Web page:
Brain Interprets Yo-Yo Dieting as Famine, Causing Weight Gain
A new study, published in the journal Evolution, Medicine and Public, suggests that the brain interprets irregular dieting (so-called yo-yo dieting) as short famines and signals the body to store fat for future food shortages. As a result, it leads to weight gain.
The study was executed by a team of scientists led by Prof. Andrew Higginson, of the University of Exeter, and Prof. John McNamara, of the University of Bristol, (UK). The researchers used a mathematical model of animals (birds) that knows when food is in abundance or in scarce but does not know when it happens.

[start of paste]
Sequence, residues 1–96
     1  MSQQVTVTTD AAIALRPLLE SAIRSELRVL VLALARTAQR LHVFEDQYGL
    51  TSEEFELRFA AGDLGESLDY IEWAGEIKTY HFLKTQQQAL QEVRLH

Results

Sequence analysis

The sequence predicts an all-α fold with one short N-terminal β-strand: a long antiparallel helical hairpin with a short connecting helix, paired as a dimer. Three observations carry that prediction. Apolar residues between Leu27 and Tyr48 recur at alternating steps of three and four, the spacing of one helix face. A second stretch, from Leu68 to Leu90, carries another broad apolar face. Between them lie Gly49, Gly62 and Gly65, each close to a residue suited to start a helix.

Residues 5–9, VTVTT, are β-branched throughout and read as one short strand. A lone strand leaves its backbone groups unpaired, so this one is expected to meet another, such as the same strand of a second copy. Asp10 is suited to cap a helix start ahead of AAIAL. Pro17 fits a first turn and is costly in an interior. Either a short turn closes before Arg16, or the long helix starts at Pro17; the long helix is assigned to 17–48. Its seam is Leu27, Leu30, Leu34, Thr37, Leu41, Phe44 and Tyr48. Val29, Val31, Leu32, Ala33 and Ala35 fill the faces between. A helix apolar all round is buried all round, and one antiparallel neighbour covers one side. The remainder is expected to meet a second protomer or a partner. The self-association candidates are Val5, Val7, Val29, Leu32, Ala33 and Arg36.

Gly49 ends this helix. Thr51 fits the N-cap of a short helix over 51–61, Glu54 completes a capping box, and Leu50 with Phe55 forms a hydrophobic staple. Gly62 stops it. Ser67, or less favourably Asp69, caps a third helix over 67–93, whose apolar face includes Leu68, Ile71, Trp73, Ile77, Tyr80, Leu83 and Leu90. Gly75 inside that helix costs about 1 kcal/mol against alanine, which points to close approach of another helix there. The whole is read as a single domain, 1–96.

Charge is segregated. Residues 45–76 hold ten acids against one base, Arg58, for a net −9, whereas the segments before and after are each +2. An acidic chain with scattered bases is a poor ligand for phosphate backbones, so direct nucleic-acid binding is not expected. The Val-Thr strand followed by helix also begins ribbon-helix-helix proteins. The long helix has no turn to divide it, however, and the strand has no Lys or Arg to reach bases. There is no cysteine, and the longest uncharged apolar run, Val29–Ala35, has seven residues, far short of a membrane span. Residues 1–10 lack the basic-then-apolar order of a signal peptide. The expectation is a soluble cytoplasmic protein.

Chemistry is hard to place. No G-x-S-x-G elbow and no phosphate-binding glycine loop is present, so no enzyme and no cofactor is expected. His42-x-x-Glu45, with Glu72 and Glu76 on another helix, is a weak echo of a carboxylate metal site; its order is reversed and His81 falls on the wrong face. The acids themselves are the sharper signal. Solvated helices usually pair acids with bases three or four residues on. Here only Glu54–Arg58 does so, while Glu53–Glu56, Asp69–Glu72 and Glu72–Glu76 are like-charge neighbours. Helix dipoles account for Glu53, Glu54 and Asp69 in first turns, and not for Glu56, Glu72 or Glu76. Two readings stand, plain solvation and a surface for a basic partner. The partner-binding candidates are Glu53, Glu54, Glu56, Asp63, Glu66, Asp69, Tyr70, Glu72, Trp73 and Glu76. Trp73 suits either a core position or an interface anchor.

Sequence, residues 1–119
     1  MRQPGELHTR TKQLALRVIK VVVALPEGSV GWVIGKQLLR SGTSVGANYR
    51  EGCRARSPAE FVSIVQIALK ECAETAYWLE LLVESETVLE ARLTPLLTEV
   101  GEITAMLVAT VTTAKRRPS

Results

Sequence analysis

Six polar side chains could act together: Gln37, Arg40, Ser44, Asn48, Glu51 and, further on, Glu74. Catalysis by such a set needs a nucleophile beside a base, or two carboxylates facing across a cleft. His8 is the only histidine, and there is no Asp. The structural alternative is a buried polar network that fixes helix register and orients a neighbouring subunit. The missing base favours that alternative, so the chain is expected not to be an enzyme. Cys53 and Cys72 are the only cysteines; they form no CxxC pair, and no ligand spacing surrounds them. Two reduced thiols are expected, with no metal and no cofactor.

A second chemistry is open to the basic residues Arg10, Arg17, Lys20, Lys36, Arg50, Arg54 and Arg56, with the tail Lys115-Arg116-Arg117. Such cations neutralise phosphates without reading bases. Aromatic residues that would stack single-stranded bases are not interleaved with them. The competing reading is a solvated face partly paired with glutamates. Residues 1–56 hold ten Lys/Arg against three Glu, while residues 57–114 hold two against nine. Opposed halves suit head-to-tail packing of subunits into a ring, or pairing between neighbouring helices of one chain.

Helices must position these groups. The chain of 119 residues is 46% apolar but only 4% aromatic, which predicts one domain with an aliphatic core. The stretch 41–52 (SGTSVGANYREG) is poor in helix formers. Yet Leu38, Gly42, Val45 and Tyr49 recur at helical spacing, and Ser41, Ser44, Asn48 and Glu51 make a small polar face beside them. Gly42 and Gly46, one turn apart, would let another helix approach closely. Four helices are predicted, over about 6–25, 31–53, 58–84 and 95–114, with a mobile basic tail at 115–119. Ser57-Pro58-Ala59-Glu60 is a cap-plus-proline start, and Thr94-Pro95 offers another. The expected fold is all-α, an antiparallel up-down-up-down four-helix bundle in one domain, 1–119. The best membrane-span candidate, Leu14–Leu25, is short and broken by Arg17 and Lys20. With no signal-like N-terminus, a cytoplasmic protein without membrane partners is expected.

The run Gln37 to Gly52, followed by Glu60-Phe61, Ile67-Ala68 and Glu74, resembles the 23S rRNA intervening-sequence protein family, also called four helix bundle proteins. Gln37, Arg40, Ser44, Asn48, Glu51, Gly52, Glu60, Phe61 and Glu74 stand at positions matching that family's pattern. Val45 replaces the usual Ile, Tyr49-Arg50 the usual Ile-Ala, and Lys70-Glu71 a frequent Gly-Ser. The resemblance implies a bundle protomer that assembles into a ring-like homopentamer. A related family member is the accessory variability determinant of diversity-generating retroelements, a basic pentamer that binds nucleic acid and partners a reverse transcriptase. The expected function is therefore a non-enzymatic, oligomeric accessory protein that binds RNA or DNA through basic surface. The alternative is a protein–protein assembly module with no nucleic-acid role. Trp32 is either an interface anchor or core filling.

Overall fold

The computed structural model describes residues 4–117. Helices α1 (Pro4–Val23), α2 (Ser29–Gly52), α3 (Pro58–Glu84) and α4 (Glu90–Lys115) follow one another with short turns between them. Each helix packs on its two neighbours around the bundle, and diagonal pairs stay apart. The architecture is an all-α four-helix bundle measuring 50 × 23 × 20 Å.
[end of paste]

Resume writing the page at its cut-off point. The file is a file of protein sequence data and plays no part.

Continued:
Prof. Higginson says: “Surprisingly, our model predicts that the average weight gain for dieters will actually be greater than those who never diet. This happens because non-dieters learn that the food supply is reliable so there is less need for the insurance of fat stores.”
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